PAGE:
RALEIGH, N.C. (WTVD) -- Though the Triangle area is a few months away from what experts consider snake season, local residents may have questions about protecting their family from harmful snakes and determining which are actually harmless.
According to Bryan Smith, the owner and operator of Advanced Wildlife Removal L.L.C., copperheads remain the predominant venomous snake posing a risk to those in the Triangle. They can be identified by their distinct markings and their copper-tinted heads serving as their namesake.
"The copperheads have a very unique pattern to their back, and some people will say an hourglass pattern - but a light brown, almost a burnt orange color to a dark brownish," Smith said.
According to Smith, although copperheads will never seek out an attack if not threatened, they easily camouflage and can blend in with their surroundings making them easy to stumble upon by accident.
"It's common for people to be gardening with their hands, pulling back shrubs and stuff, moving firewood. And that's where accidents happen and they get bit," Smith said. "It's never the snake coming toward people or trying to bite them."
Smith recommends residents ensure their homes and crawl spaces are sealed to prevent entry. Residents can also maintain areas around homes and yards to make them less appealing to snakes while keeping a watchful eye over pets and children.
"Working on habitat management around your home, around your areas that you're spending time in in the afternoons, around your backyard, keeping the firewood piles to a minimum, keeping your cover - your leaf piles and English ivy and pine straw - all that to a minimum will help you to avoid encounters with snakes," Smith added.
Many other types of mostly harmless snakes may be found in the area, including black rat snakes, black racers, northern water snakes, garter snakes, worm snakes and De Kay's brown snakes.
Smith says some snakes may look similar to copperheads including northern water snakes and adolescent black snakes. He advises maintaining a safe distance from all snakes to avoid this potentially dangerous confusion.
"It's safe to stay away from all snakes because an adolescent black snake will have a bit of a pattern on his back. He's not completely dark. Sometimes it can get confusing. A Northern water snake is going to have that same pattern. It's not as definitive and light-colored as a copperhead." Smith said. "But basically if you stay away from the snakes they're not going to bother you, they're never going to come to you."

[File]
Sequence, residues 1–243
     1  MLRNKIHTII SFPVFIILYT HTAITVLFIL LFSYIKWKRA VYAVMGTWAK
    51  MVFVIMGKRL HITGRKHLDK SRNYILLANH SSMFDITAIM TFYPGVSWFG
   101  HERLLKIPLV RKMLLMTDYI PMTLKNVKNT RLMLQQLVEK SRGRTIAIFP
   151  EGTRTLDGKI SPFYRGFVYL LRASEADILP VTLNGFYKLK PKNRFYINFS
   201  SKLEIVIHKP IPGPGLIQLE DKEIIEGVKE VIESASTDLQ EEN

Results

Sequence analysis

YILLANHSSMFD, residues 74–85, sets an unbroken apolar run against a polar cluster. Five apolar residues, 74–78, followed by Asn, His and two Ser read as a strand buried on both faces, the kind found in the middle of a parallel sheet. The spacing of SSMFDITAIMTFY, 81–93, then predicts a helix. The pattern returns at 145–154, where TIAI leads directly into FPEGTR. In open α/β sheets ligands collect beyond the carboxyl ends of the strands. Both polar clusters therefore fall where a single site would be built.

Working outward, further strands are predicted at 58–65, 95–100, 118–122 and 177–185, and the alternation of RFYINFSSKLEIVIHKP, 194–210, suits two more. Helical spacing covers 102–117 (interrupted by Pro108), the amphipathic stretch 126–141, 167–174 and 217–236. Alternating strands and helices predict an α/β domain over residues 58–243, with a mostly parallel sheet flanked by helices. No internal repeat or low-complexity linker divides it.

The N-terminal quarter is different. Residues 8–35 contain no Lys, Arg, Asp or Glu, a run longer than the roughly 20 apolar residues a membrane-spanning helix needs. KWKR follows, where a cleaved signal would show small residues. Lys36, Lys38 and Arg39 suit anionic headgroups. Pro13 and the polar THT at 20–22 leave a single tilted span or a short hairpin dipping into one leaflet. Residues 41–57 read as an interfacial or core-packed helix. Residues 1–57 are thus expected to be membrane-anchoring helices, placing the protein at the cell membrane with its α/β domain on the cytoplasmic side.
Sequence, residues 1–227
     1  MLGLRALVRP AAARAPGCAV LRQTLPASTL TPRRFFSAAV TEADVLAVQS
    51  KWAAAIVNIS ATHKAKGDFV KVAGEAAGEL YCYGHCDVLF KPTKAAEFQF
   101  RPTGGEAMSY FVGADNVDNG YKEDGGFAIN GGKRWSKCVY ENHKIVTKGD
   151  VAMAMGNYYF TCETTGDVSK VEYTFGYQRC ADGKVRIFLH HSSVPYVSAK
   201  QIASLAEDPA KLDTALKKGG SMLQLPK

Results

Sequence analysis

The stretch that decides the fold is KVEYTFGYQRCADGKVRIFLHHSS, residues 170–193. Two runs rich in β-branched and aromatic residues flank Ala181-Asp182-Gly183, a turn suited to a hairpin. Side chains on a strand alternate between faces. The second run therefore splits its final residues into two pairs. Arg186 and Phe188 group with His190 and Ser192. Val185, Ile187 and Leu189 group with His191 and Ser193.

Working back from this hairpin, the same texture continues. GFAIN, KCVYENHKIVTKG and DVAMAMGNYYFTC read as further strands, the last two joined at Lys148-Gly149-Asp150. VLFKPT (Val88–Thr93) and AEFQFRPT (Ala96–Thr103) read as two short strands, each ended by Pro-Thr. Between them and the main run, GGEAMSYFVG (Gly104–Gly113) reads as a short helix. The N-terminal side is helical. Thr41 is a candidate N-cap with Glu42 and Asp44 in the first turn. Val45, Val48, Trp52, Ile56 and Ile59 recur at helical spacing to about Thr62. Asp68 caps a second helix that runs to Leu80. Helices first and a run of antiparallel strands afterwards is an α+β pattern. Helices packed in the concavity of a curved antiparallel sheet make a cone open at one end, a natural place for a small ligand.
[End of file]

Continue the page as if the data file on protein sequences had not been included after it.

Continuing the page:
Another way to differentiate between snakes is location and time of day. Northern water snakes are also found in or around water and are usually active during the daytime. In contrast, copperheads are generally nocturnal and may be active during dawn and dusk.
Due to habitat loss and increased building and development in the area, many snakes are being driven out of their natural habitat, which is why they may come in contact with humans or try to relocate in or around homes and other structures.
"It's important to note that snakes were here long before us," Smith said. "And a lot of times, they're losing habitat every day. So there's more and more run-ins with people, especially in this North Raleigh Crabtree Creek area."
When coming across a snake, Smith suggests simply waiting for it to leave. If individuals still want the snake removed, he said they can call a wildlife removal service like his or others in the area.
Smith does not recommend killing snakes, including harmful ones like copperheads.
"There's a negative connotation around them - I understand that - in the public," Smith said. "So that's why there are services like mine to come help people remove them when they don't want them there. But usually, if you give him some space, he's just gonna move on."
According to Smith, summer is the main time to look out for snakes, with copperheads becoming most prevalent in the late summer and early fall.
During the spring months, people in the Triangle area are more likely to deal with problems relating to animals like squirrels and raccoons.
Despite losing part of his thumb to a copperhead at the age of 5, Smith said he has always had a passion for wildlife.
"It's just always been a way of life, and I've always had an interest for wildlife," Smith said. "That's my love."